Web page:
Season’s Drinkings: Hot Cocoa

There’s more to Cocoa than Chocolate and Water. There’s fascinating history that goes back to around 500 BC and a host of regional traditions that have grown out of the global love of this flavour. For those of us who live in cold climes, it’s a tradition at Christmas and New Year’s, and welcome all all winter!

Making Hot Cocoa-©-drweil.comClassic Cocoa, prepared with Hot Water. We don’t know if it was sweetened.

The first known us of Cocoa-based beverages appears about 500 BC, when the Myans of Central America began using it as a ceremonial libation. The scientific name for the Cocoa Bean Pl;ant gets its inspiration from that source: Theobroma Cocoa means, loosely, drink of the Gods.

The Aztecs, who came after the Myans, also revered Cocoa as a ceremonial beverage and of  which they referred to as xocōlātl . It is from them that the conquistadors – or, more likely, the Jesuit Missionaries whop came with them, acquired the taste.

In Europe, the love for Cocoa spread quickly to all corners. Cocoa was used as a medicinal beverage until the 19th century, favoured for treating liver and stomach ailments. New ways to prepare and serve Cocoa exploded in the mid 19th century. Sweet Chocolate appeared in many countries once confectioners tried adding sugar and fat to it. Cocoa was used in baking around the same time and it seemed that everyone in the culinary world wanted a ‘bit’ of the new fad.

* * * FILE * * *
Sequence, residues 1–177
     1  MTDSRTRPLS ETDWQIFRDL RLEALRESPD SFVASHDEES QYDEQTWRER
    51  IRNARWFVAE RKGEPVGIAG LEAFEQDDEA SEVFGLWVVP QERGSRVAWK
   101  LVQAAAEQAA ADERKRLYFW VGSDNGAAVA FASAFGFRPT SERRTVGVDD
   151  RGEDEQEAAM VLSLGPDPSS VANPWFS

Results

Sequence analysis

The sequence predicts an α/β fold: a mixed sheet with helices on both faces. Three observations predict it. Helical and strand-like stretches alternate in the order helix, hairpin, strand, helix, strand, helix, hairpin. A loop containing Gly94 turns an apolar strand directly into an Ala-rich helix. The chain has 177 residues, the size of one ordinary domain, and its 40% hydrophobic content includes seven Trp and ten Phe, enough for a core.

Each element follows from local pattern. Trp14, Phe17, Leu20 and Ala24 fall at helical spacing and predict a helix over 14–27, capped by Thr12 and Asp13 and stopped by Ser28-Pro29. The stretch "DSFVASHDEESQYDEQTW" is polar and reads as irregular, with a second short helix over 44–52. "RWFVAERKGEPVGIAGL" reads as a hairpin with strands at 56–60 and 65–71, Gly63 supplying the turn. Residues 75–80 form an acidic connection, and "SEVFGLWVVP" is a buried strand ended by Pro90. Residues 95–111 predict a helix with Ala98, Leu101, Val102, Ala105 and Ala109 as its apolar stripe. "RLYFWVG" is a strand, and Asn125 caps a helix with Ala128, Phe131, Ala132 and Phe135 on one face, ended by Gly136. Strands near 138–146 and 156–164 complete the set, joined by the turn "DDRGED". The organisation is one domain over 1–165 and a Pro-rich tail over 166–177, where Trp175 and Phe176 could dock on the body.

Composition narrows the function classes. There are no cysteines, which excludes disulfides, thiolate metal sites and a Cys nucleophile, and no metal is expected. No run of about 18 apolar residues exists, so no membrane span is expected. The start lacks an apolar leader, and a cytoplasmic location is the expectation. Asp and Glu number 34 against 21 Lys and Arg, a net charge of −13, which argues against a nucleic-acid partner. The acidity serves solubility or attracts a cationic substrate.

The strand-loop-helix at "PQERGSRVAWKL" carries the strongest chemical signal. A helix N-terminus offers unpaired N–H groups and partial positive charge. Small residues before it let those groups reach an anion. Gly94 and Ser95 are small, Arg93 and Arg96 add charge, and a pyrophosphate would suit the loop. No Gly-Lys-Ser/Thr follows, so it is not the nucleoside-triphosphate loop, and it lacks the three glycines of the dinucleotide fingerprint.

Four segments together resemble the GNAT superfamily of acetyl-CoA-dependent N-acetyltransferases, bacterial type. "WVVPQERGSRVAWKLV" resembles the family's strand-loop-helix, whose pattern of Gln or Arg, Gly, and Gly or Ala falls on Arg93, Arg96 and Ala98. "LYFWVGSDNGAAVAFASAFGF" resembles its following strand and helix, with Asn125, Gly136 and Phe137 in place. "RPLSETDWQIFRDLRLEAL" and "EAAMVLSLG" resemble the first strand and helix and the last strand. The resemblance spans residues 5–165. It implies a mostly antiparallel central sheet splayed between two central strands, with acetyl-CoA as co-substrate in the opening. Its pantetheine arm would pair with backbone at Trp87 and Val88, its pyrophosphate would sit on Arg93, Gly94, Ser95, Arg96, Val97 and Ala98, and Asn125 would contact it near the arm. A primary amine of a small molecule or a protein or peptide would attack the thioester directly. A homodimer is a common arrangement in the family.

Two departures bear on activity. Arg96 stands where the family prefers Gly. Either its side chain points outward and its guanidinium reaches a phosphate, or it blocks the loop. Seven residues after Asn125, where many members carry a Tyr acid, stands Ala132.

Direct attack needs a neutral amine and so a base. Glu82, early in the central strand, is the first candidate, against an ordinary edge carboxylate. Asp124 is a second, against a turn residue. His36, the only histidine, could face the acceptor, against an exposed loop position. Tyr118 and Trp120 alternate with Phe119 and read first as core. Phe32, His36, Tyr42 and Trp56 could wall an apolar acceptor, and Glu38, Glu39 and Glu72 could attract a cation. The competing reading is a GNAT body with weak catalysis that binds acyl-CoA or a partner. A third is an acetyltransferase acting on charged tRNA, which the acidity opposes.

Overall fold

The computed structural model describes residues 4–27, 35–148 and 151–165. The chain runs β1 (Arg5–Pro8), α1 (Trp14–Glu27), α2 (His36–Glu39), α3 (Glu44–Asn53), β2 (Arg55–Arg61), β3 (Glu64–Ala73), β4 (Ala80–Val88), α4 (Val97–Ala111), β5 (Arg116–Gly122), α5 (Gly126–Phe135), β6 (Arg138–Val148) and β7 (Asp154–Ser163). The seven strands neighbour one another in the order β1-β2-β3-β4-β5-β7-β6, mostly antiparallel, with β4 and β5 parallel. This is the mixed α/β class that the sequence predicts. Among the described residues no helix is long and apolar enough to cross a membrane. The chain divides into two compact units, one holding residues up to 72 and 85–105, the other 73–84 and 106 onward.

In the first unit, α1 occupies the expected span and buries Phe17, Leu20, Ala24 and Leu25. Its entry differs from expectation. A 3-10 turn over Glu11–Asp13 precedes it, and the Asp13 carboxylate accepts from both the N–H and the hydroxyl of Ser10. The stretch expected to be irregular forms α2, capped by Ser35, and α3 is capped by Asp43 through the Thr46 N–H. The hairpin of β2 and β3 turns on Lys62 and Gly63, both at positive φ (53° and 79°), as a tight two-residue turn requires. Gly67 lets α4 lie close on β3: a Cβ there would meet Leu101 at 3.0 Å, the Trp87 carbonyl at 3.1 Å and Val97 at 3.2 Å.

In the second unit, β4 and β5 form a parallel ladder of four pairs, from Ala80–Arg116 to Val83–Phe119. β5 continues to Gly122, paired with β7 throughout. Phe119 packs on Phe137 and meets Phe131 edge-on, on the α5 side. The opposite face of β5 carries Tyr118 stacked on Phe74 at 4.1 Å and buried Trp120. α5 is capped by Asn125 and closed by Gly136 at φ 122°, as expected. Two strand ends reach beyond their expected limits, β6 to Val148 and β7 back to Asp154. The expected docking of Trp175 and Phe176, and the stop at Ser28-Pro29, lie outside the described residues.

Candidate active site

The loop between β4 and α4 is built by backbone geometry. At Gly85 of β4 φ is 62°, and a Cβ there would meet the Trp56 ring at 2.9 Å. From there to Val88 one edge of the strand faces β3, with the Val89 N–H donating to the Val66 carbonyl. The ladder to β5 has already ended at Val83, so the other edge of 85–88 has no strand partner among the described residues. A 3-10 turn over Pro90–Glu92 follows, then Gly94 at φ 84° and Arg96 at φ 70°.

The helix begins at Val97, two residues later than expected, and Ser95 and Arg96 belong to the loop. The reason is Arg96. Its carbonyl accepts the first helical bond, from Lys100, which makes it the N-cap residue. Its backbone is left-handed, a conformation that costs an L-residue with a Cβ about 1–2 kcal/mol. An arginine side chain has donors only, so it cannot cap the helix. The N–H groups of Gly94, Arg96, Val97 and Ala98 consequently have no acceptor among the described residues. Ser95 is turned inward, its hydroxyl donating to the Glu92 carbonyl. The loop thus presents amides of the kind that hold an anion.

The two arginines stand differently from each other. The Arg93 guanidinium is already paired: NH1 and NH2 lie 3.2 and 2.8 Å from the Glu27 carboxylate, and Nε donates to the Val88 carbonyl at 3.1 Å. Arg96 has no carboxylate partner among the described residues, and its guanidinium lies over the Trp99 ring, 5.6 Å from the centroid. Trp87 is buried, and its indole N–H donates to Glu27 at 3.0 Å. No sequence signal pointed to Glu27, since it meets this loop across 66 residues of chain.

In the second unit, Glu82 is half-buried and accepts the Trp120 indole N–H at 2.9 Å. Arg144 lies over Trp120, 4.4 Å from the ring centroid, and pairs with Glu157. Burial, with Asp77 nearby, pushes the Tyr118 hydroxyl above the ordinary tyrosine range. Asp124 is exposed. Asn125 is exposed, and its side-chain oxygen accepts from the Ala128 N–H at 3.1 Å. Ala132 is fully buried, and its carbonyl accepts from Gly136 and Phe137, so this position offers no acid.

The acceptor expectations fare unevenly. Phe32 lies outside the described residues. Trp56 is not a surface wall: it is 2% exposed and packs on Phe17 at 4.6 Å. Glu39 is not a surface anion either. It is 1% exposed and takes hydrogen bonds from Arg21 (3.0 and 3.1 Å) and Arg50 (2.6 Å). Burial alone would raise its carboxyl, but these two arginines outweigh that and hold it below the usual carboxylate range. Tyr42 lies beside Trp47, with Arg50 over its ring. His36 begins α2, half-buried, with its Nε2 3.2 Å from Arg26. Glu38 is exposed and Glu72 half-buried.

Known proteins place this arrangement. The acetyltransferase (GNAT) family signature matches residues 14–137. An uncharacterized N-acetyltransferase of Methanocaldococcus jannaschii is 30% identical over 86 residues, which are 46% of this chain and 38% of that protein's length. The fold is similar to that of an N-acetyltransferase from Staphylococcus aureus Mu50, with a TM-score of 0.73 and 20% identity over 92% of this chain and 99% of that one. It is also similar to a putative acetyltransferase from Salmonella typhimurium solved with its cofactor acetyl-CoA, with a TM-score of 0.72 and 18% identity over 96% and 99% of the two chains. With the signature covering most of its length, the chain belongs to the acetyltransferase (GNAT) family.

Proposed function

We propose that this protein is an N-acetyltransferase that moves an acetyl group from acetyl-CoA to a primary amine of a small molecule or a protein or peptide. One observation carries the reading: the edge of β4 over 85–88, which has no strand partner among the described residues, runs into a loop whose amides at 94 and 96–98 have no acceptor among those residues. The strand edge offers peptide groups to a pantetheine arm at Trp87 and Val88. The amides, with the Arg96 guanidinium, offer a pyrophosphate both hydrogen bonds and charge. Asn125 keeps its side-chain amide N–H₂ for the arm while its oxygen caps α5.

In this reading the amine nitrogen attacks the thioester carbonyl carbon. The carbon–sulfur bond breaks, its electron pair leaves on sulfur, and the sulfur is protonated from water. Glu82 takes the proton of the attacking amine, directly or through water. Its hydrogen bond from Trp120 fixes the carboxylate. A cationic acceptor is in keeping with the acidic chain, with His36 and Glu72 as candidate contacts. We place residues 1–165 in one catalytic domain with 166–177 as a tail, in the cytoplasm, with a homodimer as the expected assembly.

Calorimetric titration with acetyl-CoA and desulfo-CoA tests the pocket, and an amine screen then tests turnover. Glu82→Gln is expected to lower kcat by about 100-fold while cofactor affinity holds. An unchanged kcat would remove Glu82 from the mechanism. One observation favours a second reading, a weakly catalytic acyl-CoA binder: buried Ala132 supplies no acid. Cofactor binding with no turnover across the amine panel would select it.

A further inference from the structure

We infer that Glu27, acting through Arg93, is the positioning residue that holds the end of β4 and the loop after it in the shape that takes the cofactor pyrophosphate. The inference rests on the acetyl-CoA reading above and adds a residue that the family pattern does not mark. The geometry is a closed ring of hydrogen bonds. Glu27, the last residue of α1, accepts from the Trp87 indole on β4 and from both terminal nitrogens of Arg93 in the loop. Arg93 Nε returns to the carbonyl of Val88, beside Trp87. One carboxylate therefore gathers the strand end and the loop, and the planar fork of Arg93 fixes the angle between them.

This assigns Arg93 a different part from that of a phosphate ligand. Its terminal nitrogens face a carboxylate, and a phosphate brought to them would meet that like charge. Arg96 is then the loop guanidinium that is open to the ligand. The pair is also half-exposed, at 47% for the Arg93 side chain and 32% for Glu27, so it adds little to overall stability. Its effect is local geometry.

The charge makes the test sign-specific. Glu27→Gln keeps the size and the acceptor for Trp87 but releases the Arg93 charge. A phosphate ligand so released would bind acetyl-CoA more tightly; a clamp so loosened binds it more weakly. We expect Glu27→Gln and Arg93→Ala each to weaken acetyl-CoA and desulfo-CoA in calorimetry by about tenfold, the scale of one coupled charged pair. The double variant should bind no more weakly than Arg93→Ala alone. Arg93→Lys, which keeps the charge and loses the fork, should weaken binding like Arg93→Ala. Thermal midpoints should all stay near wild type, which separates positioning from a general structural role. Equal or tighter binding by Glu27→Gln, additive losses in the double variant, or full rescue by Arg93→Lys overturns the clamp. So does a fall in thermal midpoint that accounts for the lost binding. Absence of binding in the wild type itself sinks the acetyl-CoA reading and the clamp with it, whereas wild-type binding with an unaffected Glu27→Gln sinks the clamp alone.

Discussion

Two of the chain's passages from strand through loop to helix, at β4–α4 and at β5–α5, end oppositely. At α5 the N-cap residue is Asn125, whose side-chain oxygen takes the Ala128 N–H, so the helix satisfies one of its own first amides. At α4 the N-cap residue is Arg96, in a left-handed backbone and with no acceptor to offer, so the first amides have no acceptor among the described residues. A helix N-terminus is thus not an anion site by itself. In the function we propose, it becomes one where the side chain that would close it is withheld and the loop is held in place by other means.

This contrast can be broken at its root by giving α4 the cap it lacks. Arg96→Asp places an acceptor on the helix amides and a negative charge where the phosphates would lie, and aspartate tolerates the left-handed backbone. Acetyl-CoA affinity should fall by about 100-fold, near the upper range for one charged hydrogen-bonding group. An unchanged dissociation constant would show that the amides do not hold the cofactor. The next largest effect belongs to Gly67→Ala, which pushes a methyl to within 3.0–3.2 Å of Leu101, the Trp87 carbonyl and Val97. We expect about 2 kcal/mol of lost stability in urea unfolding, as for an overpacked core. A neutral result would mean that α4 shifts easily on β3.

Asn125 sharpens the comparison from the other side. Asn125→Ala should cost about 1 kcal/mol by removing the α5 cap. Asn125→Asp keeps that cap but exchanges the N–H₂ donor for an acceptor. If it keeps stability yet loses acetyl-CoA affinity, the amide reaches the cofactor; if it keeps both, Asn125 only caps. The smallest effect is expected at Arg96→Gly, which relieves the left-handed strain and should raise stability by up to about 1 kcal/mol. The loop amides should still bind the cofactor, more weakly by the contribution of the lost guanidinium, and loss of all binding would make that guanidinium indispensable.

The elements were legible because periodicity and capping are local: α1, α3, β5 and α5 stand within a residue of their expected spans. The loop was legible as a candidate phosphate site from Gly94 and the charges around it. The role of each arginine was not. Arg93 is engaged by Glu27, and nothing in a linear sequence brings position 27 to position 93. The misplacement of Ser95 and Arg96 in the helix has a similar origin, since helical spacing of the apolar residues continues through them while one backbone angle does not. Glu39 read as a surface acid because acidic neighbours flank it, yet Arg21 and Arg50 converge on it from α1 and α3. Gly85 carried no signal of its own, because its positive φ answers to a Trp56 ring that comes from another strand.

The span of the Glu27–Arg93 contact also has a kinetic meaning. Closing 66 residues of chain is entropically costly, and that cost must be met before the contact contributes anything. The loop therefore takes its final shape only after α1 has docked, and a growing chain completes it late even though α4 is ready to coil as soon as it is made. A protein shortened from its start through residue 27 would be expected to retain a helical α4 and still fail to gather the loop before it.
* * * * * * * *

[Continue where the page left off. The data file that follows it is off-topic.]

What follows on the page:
But it was more than a fad. Chocolate has proven to be a proven mood enhancer and it’s unique flavour remains a clear favourite in a world where we can have just about any flavour we can imagine, thanks to science.

So, what about the beverage now?

There are really two kinds of contemporary ‘Chocolate’ beverage made from Coca powder and various liquids and additions.

Hot Chocolate is always made with heated milk and sweetened. It is usually made with shaved Chocolate rather than Cocoa Powder. The sweetener can be almost anything, but White or Brown Sugar are usually employed. But I’ve tried Maple syrup, Demerara Sugar, Golden Syrup and Sorghum. All good, but all different. Some folks swear by Honey.

Hot Cocoa is another animal. Some say you must mix Coca Powder with Hot Milk. Others insist you must steep Cocoa Powder in Hot water, as you would tea leaves. I’ve seen Water-based Cocoa made in the Filter-Coffee Rig. Why not? I’m no fan of powder or grit in my beverages.

Then comes the vexed question of sweetening. Those who make Cocoa with Milk say you don’t sweeten. Those who make it with Water, like my English Grandmother, generally say you should.

In the end, it’s up to you. Make it and enjoy it the way you like it. I take my Cocoa, ‘Milk, no Sugar’. In case you’re planing on dropping in and bringing me a beverage,  I take my Tea black, and my Coffee the same as my Cocoa. Thank you.

~ Maggie J.

Posted under: Chef Secrets, Comfort Food, Festive Side Dishes, Food Tips

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